The report measures the number of households that experienced problems at any point in the year. Only a “small fraction” were facing the problem at a given moment. Among those with “very low food security,” for instance, most experienced the condition for several days in each of seven or eight months.

James Weill, the director of the food center that pioneered the report, called it a careful look at an underappreciated condition.

“Many people are outright hungry, skipping meals,” he said. “Others say they have enough to eat but only because they’re going to food pantries or using food stamps. We describe it as ‘households struggling with hunger.’ ”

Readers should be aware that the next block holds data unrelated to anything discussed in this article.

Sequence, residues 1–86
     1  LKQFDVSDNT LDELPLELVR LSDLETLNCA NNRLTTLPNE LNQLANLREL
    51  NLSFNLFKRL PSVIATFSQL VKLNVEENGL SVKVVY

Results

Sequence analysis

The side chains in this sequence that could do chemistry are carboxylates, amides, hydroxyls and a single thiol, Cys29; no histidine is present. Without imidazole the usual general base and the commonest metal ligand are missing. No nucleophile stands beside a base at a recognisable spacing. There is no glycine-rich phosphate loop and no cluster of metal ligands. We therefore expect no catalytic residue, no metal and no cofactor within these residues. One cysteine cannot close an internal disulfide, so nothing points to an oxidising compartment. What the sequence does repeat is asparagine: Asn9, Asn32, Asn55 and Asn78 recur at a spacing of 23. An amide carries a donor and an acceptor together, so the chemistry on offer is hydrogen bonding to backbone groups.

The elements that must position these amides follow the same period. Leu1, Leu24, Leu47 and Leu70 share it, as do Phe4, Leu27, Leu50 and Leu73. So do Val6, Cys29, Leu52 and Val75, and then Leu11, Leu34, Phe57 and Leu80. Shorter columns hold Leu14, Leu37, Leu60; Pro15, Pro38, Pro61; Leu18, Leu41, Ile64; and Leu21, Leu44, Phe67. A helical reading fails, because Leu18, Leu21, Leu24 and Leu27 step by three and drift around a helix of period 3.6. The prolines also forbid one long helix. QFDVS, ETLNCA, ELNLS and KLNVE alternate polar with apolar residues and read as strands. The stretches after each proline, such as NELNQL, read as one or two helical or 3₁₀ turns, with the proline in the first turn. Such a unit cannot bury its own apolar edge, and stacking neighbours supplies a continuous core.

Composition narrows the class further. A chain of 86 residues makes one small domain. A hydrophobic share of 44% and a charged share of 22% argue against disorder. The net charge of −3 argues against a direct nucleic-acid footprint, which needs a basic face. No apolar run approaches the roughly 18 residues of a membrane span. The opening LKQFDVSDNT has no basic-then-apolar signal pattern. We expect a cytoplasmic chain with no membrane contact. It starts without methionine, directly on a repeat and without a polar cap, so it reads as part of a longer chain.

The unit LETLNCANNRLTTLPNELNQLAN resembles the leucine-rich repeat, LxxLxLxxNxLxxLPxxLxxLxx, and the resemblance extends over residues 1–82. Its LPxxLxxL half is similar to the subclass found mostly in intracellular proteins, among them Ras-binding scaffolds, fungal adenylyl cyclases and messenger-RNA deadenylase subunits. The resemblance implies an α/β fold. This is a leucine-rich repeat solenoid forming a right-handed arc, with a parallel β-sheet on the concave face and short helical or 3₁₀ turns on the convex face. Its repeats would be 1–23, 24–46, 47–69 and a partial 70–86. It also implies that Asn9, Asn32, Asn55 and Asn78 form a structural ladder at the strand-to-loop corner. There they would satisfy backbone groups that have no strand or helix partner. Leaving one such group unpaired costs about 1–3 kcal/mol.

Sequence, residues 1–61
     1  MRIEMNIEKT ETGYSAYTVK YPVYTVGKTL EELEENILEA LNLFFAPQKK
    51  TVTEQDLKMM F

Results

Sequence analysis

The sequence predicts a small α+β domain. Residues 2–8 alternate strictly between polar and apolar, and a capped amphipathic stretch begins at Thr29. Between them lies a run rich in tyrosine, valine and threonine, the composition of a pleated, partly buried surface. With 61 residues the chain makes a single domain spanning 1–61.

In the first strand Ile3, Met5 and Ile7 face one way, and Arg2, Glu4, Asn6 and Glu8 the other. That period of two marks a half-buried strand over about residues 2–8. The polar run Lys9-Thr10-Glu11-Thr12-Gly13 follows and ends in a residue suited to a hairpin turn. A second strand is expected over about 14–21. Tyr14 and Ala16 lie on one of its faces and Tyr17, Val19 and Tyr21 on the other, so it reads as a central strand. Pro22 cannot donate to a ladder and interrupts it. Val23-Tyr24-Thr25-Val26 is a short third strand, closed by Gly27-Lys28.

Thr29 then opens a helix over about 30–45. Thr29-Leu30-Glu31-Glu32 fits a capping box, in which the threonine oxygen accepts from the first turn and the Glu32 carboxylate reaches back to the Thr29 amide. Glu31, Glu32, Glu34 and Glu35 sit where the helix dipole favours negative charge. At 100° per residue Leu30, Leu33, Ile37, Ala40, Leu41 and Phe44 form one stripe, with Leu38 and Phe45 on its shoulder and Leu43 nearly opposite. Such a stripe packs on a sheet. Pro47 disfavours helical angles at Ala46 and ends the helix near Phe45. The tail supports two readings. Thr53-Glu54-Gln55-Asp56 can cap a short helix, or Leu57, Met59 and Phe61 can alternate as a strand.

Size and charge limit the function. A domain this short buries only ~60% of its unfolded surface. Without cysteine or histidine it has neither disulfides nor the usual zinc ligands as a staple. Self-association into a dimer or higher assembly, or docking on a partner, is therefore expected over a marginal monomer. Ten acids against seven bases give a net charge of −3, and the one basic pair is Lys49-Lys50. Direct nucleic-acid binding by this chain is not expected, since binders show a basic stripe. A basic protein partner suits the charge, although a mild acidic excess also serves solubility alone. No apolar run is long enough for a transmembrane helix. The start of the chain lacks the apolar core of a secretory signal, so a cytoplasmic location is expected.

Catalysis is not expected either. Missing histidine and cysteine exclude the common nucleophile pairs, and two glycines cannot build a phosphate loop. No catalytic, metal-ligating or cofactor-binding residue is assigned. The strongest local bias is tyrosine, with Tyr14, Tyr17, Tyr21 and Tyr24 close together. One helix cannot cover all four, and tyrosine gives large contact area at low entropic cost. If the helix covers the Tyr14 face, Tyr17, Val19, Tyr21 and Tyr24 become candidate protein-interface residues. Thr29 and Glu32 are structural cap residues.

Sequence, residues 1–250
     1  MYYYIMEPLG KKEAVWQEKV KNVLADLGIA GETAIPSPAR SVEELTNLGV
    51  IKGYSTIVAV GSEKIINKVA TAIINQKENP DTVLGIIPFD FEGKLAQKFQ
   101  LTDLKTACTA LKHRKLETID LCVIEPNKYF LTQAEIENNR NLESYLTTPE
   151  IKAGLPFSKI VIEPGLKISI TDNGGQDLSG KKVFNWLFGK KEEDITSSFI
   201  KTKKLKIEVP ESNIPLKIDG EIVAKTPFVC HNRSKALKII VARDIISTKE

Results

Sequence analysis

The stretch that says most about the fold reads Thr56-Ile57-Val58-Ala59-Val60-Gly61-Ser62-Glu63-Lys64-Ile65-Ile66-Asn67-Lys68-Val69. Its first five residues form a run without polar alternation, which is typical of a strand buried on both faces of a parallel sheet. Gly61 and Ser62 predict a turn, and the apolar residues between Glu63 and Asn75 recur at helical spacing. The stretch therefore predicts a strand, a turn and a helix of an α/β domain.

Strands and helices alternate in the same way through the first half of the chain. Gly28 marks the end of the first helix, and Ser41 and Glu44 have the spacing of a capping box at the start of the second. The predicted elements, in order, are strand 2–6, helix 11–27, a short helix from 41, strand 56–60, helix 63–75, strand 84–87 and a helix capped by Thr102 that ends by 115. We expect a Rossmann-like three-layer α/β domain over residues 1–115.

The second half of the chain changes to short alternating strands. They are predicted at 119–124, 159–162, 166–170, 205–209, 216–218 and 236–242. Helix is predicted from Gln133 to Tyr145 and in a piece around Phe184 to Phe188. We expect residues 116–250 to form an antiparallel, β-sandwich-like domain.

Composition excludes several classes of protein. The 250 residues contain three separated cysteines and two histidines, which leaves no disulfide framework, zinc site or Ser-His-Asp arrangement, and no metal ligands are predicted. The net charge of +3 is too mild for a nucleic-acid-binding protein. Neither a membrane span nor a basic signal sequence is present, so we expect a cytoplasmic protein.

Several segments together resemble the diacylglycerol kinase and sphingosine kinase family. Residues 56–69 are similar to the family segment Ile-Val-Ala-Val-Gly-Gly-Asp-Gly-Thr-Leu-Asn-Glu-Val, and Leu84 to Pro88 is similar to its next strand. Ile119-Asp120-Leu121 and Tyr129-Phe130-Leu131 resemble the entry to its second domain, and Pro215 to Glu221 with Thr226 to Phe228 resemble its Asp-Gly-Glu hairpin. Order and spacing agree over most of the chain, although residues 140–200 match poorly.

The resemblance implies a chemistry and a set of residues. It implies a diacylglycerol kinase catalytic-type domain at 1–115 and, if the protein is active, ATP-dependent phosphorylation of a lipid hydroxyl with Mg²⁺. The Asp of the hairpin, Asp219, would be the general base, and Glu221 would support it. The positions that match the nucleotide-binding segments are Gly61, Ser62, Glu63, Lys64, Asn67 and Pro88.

The Difference One Dollar Can Make: Come Together Campaign Follow-up

14 11 2009

Back in September I mentioned the “Come Together” campaign, organized by Good Morning America, Feeding America, and Macy’s. Here is a great video explaining how some of the fund raising was done. One amazing statistic from the video is that just one dollar provides 7 meals for needy families. Macy’s matched every donation and the campaign ultimately raised enough money for 10 million meals. Here’s one way people did that:

Come Together Campaign on Good Morning America

 

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Combating Hunger and Obesity in One Fell Swoop

13 11 2009

lose-for-good

Here is an article recently posted online by CNN. The article details an innovative campaign where members of Weight Watchers are helping to promote healthy lifestyles and at the same time, are collecting donations for food banks. It’s a great message about how you can help your community and improve your own health at the same time. Here’s an excerpt. The full article can be read at the link provided below.